Former Apple Watch Engineer Talks Heart Rate Sensor Design Process and More

The man who was instrumental in the design of heart rate sensors for the Apple Watch, now former Apple employee Bob Messerschmidt, sat down with Fast Company to talk about his experience with Jony Ive’s design team, and more.

Heart rate

Apple quietly acquired Messerschmidt’s startup in 2010, and so he became part of the Apple Watch team, where had the task of designing the heart rate sensors for the wearable. In a meeting with Apple’s Industrial Design Group, he proposed to put the sensors into the watch bands for a more accurate reading. His proposal was quickly nixed by the Design Group, because that would have been against the fashion trend Apple wanted to follow with the Apple Watch:

One great example is [when] I went to a meeting and said I’m going to put sensors in the watch but I’m going to put them down here (he points to the underside of the Apple Watch band he’s wearing) because I can get a more accurate reading on the bottom of the wrist than I can get on the top of the wrist. They (the Industrial Design group) said very quickly that “that’s not the design trend; that’s not the fashion trend. We want to have interchangeable bands so we don’t want to have any sensors in the band.”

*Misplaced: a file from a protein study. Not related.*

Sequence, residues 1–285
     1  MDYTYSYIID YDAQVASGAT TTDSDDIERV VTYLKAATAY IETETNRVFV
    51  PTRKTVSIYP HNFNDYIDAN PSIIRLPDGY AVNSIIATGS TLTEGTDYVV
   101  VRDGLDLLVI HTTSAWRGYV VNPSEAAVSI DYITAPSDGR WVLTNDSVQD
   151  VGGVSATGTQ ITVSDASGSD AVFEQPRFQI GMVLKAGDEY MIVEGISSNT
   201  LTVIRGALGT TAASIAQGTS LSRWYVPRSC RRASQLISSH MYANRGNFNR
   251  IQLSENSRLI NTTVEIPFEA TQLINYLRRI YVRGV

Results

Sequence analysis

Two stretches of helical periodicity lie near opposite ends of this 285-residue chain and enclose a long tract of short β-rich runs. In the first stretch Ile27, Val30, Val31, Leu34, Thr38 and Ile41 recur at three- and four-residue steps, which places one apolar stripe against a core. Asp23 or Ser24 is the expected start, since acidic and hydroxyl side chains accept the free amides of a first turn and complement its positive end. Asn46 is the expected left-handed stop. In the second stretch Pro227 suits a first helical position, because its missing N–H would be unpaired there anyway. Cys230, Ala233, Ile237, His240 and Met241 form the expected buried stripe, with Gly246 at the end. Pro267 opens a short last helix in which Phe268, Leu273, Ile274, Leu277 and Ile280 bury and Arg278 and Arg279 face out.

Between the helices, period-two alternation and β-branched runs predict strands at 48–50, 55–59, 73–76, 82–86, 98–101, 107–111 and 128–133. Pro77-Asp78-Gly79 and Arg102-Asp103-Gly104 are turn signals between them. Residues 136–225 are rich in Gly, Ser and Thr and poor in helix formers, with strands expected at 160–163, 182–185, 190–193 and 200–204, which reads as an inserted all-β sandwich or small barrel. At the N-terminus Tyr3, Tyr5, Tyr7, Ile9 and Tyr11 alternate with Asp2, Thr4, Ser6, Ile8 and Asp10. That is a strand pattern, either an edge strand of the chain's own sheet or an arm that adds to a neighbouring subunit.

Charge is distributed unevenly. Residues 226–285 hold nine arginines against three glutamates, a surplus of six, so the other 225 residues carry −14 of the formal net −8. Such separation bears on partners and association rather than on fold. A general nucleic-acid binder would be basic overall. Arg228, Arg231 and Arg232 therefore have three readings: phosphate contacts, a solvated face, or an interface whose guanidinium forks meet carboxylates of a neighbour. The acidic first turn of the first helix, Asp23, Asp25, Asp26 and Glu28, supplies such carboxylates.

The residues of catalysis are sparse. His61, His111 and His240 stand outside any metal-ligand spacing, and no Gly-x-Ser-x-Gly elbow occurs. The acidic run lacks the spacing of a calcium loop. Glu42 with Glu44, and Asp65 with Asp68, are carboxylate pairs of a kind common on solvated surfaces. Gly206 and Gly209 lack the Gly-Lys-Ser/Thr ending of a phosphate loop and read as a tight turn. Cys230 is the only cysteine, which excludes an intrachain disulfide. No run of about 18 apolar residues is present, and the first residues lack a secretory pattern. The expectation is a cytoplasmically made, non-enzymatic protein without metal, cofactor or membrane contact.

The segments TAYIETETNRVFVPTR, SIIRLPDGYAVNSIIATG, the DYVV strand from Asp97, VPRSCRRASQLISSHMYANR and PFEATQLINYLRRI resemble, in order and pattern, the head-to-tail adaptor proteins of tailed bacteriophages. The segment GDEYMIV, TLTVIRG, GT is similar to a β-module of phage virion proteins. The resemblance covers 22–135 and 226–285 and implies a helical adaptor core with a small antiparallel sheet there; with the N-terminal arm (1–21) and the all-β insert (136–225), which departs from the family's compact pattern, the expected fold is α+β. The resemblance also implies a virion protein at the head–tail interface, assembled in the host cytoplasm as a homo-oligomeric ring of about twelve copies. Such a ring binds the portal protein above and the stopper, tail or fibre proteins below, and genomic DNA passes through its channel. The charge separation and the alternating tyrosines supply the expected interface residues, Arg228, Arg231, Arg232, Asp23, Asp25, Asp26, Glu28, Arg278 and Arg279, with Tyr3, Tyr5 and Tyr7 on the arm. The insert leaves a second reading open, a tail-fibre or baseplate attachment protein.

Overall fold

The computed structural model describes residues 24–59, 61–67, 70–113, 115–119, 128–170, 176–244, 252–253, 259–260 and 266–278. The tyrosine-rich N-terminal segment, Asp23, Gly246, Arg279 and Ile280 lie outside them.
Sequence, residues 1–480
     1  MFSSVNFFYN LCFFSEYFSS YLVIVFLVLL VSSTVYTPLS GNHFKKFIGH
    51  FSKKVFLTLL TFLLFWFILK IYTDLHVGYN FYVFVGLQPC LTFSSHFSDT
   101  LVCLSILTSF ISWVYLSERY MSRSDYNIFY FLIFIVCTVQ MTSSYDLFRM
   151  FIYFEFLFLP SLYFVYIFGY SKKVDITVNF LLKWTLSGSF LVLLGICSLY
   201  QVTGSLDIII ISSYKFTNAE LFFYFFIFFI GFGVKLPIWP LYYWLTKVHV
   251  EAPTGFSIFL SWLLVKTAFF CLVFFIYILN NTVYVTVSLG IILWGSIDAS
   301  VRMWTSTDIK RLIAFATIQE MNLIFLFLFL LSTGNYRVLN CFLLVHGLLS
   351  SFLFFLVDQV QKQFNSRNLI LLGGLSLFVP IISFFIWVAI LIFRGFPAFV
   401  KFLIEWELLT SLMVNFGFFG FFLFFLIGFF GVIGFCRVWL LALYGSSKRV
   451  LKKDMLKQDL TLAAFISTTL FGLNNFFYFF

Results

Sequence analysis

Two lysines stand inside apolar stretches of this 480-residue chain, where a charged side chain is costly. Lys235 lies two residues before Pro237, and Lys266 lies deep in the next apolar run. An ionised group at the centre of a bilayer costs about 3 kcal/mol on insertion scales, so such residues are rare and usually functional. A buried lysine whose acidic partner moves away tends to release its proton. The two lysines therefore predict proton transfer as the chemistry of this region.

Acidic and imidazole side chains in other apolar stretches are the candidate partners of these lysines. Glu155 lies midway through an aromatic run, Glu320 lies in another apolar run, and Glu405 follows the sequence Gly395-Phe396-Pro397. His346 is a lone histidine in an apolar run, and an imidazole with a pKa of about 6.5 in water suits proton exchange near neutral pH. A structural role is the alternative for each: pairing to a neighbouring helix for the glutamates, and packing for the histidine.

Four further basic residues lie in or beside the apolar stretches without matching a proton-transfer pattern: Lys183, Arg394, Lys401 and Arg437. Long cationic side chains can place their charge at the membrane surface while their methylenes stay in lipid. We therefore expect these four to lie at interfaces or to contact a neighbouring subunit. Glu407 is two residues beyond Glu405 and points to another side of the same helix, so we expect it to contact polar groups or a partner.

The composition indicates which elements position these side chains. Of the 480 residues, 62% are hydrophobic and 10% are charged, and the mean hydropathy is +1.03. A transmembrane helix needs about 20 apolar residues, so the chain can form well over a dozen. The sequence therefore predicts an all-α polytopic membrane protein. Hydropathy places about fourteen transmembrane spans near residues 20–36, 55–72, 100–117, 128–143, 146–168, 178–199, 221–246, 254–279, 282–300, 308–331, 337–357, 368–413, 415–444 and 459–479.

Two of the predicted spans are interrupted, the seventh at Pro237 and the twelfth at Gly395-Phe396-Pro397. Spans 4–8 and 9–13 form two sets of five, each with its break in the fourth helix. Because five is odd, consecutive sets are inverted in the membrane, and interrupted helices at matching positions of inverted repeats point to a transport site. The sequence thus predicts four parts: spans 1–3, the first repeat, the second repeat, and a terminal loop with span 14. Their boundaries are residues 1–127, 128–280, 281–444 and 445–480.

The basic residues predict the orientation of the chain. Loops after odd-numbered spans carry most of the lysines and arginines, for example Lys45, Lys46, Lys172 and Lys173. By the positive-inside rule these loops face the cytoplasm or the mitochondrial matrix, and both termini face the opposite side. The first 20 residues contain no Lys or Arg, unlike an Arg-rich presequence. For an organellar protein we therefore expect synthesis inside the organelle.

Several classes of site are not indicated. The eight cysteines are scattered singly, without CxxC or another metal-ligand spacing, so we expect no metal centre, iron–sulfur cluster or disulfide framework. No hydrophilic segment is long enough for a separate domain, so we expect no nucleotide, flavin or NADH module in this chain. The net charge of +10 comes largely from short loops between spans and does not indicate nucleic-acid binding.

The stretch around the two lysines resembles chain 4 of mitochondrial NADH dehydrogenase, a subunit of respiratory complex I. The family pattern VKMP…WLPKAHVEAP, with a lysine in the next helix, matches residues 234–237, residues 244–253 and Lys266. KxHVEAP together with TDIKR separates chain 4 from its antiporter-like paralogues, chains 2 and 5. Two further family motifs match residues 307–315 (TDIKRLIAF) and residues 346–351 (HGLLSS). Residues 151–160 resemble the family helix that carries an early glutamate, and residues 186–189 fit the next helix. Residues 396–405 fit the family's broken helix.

Messerschmidt’s next proposal, placing the sensors on the top of the wrist, also targeted accuracy in heart rate readings. He said the watch bands must be tight, as the sensors need to be in good contact with the skin. That was also rejected by the Industrial Design Group, because “that’s not how people wear watches”, they said.

As a result, Messerschmidt’s team was pushed toward new engineering solutions, and in the end he was very proud of his contribution to the heart rate sensor you now see in the Apple Watch, because it is the most accurate sensor Apple has ever put in a product, he says.

Engineers left in a vacuum might say “well, that’s maybe not so important; we can get a better signal by doing it the other way so let’s do it that way.” So, left to their own devices, that would be the way the product would end up. So you have to have a really strong voice supporting the user. I think the idea of focusing on that is uniquely Apple. In an optimistic sense you have to say that still exists at Apple. It does.

The whole interview is well worth your time. You can read it on Fast Company’s website.

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